How the Navajo Nation became the epicenter of Coronavirus: Effects of Historical Land Displacement
My name is Alexandra Vidal and I’m a History Graduate Student at Rutgers-Newark. I’ve decided to write about the Navajo Nation and the historical events that have made it possible for their population to be affected by the Coronavirus epidemic so severely. I decided to undertake this site because I came to realize that throughout my student career I’ve studied or read about populations all across the world, from the Kingdoms of Africa to the Cultural Revolution of China, but I was never truly educated on the past and present historical struggles of our most disenfranchised people. My goal with this paper is to teach myself and others more about the Navajo People.
Project Site Description:
The Project Site’s time period begins in 1866 in The Long Walk, it begins here to explain how the Navajo were forcibly displaced to New Mexico and how this environment has caused them to lack electricity and running water till this day. It will then analyze how their location in the New Mexico desert has caused them to lack access to healthcare and communal institutions in the modern-day, all which worsened the impact of the Coronavirus. These components will be used to analyze how their environmental inequalities exacerbated the effects of Coronavirus on their community. The historical actors are the US Government, the Navajo People, and community leaders. The historical question that the paper will focus on is what long-term effects did the displacement of the Navajo people have on their ability to efficiently create communal and health care structures? And how have these inequalities contributed to them being at the epicenter of the Coronavirus pandemic? The larger significance of this paper is to bring to light how environmental inequalities are systematically ignored and perpetuated by the U.S. Government going back decades.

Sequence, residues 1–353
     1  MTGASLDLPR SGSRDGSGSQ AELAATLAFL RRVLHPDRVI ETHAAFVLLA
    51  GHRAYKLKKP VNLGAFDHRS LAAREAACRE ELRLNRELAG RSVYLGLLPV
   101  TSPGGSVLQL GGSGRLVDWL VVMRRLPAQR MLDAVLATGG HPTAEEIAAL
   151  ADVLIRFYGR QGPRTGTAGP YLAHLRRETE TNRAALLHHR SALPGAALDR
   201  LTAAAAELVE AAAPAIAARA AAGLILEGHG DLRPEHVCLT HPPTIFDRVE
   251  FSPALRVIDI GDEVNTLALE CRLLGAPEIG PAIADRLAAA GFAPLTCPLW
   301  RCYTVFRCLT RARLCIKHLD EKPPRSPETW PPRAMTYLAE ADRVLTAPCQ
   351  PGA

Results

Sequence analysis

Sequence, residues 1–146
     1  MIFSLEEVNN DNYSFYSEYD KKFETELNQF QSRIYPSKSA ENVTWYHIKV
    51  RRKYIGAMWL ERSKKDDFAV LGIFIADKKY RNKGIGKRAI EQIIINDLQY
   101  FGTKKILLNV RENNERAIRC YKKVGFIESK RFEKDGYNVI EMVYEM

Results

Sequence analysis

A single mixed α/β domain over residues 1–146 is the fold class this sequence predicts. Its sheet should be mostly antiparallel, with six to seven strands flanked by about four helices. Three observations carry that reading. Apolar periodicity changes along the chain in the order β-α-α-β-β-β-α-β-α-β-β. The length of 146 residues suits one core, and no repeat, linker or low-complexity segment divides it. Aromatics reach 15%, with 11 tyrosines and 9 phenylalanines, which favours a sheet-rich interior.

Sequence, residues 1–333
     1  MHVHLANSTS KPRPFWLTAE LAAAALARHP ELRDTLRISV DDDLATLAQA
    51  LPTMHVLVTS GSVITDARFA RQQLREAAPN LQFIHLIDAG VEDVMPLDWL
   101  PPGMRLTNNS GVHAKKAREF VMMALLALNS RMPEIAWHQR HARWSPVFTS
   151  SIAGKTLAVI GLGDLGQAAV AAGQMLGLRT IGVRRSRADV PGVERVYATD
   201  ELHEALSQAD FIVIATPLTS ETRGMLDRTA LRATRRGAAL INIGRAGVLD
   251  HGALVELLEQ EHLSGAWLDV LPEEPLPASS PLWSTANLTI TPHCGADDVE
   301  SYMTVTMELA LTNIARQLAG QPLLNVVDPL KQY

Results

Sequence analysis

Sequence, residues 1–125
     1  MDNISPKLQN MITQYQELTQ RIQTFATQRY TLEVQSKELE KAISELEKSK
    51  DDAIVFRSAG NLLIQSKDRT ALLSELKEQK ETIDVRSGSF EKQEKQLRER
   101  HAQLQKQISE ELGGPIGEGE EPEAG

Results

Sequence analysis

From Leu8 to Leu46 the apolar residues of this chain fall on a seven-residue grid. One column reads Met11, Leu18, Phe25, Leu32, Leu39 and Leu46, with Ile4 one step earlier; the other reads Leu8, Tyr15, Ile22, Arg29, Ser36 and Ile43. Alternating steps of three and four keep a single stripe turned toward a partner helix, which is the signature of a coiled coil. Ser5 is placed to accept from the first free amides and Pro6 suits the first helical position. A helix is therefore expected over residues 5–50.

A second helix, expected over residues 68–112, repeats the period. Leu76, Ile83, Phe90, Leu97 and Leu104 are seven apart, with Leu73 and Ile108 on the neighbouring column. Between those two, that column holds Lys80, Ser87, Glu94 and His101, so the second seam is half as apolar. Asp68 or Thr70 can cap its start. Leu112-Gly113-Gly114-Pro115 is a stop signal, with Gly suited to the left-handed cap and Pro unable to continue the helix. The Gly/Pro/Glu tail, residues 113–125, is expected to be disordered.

Keywords: Race, Water, Coronavirus, Indigenous, Land